I say amen to that, but keep in mind that Thanksgiving foods are emotional for people. They want to be served what they remember and what they see as tradition. That's understandable but can be difficult to cope with when you're navigating a life-threatening food allergy. So if you find yourself in a situation like that, maybe you can start a new tradition of having people over during the Thanksgiving weekend, where you host and control what's served. Again, it's not perfect, but it's something.

Now, the bright side. Many of us have understanding families that help keep our kids safe at family meals. I'm fortunate that I'm one of those people, but it didn't happen overnight. It takes conversation, effort and time. So don't be hard on yourself if you don't have it all figured out immediately. Nobody does! :)

I have many posts about food allergies and Thanksgiving/holiday meals and I'll share those links at the end of this post. Plus, you'll find some of my favorite nut-free Thanksgiving recipes. Follow me on Pinterest to find more of those.

What about you? How have you found ways of juggling Thanksgiving food expectations with food allergies?

For all of us dealing with the imperfections of life with a food allergy at the holiday, remember: you're not alone. Do the best you can and try to celebrate the joy of the season. Be grateful for the food you can eat and the health of your loved ones. I wish you all a wonderful Thanksgiving! 

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Thursday, November 6, 2014

Chicago-Area Friends: Halloween Candy Trade-In at Nutphree's Cupcakes -- Last 2 Days!


Hi everyone! I have a timely new mess
age for my Chicagoland readers! (And I apologize, I meant to have this up earlier. I've been light on the posts lately just due to life in general and the fact that I'm revising a book and trying to finish before New Year's. :))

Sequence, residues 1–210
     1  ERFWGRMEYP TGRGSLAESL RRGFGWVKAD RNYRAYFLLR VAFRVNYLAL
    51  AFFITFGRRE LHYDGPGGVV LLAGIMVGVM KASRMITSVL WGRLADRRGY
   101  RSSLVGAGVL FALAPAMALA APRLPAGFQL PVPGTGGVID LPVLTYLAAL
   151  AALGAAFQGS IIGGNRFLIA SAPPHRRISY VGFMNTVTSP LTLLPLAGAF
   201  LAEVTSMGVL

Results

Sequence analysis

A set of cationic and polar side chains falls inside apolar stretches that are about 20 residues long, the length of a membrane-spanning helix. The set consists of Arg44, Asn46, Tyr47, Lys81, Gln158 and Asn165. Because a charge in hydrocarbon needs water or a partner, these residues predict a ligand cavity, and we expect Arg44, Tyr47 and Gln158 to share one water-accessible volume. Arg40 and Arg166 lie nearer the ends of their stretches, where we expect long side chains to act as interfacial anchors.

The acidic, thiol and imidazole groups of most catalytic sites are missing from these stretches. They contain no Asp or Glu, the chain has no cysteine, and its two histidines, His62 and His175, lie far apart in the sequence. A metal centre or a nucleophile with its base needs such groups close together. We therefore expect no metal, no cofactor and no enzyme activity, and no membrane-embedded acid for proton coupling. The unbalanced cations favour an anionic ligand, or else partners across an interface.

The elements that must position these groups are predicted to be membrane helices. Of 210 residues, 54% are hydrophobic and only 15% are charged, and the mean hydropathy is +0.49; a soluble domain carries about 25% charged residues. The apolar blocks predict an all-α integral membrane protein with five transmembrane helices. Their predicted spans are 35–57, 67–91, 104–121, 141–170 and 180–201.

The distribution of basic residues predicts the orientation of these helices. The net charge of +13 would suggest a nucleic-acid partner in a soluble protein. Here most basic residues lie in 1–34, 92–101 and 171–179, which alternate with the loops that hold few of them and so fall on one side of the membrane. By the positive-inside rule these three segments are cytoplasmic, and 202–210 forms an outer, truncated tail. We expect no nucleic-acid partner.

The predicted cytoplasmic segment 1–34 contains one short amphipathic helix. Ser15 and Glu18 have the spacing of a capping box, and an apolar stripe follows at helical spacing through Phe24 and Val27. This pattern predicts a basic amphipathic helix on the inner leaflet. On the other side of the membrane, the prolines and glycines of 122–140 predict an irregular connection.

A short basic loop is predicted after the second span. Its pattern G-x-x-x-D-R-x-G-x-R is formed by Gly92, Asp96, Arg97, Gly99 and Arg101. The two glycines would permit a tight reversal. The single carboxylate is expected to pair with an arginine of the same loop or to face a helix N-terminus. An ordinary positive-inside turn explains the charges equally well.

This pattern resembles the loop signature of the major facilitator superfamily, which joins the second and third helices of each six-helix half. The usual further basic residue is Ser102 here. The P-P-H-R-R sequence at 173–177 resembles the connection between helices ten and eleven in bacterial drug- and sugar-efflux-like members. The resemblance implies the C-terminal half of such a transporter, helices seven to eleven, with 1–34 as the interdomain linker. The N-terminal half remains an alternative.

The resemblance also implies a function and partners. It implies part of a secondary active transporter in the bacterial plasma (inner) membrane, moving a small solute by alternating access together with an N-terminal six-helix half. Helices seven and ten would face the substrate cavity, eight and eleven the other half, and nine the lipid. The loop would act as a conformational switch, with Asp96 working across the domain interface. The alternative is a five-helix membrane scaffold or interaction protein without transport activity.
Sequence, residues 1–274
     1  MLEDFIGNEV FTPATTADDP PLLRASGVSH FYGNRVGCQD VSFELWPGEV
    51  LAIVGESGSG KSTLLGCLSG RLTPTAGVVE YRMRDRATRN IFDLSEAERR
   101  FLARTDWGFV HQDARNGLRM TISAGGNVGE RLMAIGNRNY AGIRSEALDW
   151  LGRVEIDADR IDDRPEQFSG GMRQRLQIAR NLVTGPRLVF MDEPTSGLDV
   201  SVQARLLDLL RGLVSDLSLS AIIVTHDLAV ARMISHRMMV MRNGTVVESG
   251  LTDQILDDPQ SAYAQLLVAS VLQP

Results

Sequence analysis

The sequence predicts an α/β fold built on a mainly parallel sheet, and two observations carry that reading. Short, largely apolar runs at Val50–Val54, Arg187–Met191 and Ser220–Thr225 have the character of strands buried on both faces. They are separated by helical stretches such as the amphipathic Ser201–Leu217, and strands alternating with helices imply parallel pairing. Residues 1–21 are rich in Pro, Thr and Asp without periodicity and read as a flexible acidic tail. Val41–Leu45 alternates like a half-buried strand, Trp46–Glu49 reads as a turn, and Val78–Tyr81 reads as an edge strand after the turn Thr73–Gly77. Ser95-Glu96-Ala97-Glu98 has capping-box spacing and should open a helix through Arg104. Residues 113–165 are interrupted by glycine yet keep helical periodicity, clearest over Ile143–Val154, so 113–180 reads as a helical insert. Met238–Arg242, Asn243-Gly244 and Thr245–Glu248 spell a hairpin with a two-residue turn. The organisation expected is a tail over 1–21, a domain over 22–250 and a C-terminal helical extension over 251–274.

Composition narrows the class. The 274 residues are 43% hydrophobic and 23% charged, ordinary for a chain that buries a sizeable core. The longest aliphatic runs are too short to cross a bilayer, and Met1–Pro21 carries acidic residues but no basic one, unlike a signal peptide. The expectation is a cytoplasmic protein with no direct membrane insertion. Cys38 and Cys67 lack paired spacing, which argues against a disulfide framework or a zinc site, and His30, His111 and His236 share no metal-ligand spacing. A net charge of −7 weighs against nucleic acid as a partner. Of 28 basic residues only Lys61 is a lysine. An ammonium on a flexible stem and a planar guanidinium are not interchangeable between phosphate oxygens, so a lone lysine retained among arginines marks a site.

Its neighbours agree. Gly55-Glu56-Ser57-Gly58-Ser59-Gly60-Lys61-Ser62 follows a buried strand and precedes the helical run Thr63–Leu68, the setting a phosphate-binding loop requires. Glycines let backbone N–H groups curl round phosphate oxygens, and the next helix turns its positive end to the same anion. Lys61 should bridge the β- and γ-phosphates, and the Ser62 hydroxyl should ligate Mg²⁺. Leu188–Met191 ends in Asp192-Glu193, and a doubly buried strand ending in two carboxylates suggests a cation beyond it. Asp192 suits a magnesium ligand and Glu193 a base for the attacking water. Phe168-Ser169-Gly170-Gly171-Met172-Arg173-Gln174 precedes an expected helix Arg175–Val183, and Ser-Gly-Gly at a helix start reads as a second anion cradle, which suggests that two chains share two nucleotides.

Back to the news: The wonderful Nutphree's Cupcakes (one of my site sponsors) has this to say about all that candy the kids with food allergies may have collected a few days ago but can't eat: 

"We’re happy to be hosting our Trade Your Candy for a Cupcake program again this year. Kids can bring in their well-earned haul from Nov 1 through Nov 7 and take home a FREE cupcake or non-food treat! All candy collected will be sent overseas to deployed soldiers through Operation Gratitude."

Nutphree's is open until 6 pm tomorrow, so if you can, head over there! Check their web site for more info. If you've never been in this bakery, you will be amazed at the beautiful nut-free cupcake and treat selection.

I'm also happy to note that Nutphree's is bringing their cupcakes to several grocery stores in the Chicagoland area, including Whole Foods and  Mariano's.

THANK YOU Nutphree's for being such a caring (and delicious) resource to families dealing with nut allergies. Your baking creations are beautiful works of art and I appreciate all you do!

What if you live elsewhere? If you have a similar buy-back program for Halloween candy in your area or if you have info on nut-free baked goods available near you, we want to know about it, especially with the holidays on the horizon.

Which brings me to my next topic and one I will be covering with a new post next week:

Even before Halloween, I saw a post about nut allergy issues on a local parenting mag web site, so I will be addressing the issue of dealing with holiday, social situations and  nut allergies in the next few days on this blog. 

In the meantime, I've got lots of posts about Thanksgiving and nut allergies. Below you'll find two of the most popular; click the links below to read them. You can find even more articles, including nut-free Thanksgiving recipes, if you use key words in the search bar located in the upper left-hand corner of this site.



(Regarding this last post: Food labels can change -- at any time! Please always check labels/call companies if you need additional information on allergens.)

And of course, if you haven't already, check out my e-book for encouragement and advice on navigating life with nut allergies.

Monday, October 6, 2014

Halloween, Holidays and Nut Allergies: What's In Your Food?

That's Nancy Drew on the left. :)